We’ve just wrapped up a weekend of VR hacking with #EmoJam in San Francisco! We had a fantastic speaker line-up, and really interesting conversations all weekend long. We would like to thank our main sponsor, ARVR Academy, for supporting us, and Microsoft Reactor in SF for hosting us!
19th-20th May, Microsoft Reactor, San Francisco CA
Emotions, music and VR are central to what we do at Melodrive. That’s why we’ve decided to organise #EmoJam, a weekend dedicated to hacking emotion, VR, games and music. We have envisaged a hackathon that addresses perhaps the most salient problem for interactive storytelling, AI, and VR: emotion. Emotion is a notorious puzzle for just about any field that deals with the mind/brain. It is clear that we have emotions to help us survive in the world. Without these, we would certainly be a different, although perhaps nonetheless intelligent machine. On the whole, it seems that we are not usually just interested in what intelligence is and how to model it, but we’re specifically interested in a particular brand of intelligence, namely human intelligence. And emotion plays a large part in that.
When it comes to virtual reality (VR) experiences, “immersion” and “immersion multipliers” are highly valued for players and developers alike, but what do they really mean? What exactly is immersion and why is it seen as the holy grail for VR? In this post we try to get to the bottom of what makes someone feel immersed, and provide some quick strategies you can use to make your VR experiences a lot more immersive – by only thinking about audio.
VR is a highly immersive medium. No doubt about that. VR players don’t just see the world through a screen as is the case in normal video games, they are literally inside that world and can interact with its objects and environments in an intuitive way. Most of my friends who tried VR the first time where shocked by the experience. They told me that they completely lost track of time and that they felt as if they moved to another reality. Simply put, they were deeply immersed.
There are several factors that contribute to immersion in an experience. One that is very important, and at the same time is often overlooked, is music.
Composers have always thought that music has the ability to increase the level of immersion of players experiencing digital content, be it videos, video games or VR. For interactive content, composers like Guy Whitmore, who are at the forefront of music making in non-linear settings, know that adaptive music can make a big difference for immersion (check this post for an explanation of what we mean when we say adaptive music). The reasoning is quite simple. With adaptive music, no matter how the user behaves, the music is always in sync with the emotions portrayed in the visuals and in the storyline. Here’s an example. My jolly village gets attacked by dark knights. The music, being adaptive, dynamically shifts from happy to dramatic. The double bass kicks in and the chords get more aggressive. In other words, the audio elements of the experience reinforce the story told through the visuals. Composers suggest that this reinforced feedback between different elements of an interactive experience increases immersion. This is intuitive and sounds like a plausible hypothesis, but… it’s still a hypothesis. No one had yet tested it out in the real world — until now!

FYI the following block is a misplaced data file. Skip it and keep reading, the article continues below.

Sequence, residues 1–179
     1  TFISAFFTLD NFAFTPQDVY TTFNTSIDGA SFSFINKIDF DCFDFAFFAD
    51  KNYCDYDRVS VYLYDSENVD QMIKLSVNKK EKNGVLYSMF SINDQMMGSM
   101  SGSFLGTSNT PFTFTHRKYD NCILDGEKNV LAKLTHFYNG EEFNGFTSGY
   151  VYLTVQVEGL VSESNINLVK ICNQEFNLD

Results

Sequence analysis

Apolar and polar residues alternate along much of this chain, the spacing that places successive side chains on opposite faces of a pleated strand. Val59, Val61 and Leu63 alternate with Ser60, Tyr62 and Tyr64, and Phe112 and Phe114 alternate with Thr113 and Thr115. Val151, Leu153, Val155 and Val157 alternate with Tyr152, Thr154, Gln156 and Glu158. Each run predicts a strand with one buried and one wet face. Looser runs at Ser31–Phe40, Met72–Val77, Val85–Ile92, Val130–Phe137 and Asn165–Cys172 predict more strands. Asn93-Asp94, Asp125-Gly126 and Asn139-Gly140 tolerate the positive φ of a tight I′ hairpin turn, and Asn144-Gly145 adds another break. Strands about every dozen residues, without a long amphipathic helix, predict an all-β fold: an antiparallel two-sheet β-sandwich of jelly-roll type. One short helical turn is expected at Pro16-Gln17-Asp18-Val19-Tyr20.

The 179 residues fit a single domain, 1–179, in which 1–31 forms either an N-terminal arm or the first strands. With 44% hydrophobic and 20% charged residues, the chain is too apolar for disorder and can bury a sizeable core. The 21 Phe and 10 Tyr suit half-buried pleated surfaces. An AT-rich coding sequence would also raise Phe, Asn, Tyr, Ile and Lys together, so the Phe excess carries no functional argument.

We had the opportunity to sit down with Brie Code at Silo Coffee in Friedrichshain, Berlin. Brie is a speaker, writer, and the CEO of a new game studio, Tru Luv Media. Before founding Tru Luv Media, Brie was an AI programmer–she built the AI for Company of Heroes (along with a colleague), and she was lead programmer for Child of Light and three Assassin’s Creed titles at Ubisoft in Montreal, Canada.
We highlighted some of Brie’s work in investigating reward systems in our last blog post, Approaching Feminism as a Male Data Scientist. She found that in addition to the traditional fight-or-flight response system, there was an overlooked reward system that stressful situations can evoke, called tend-and-befriend.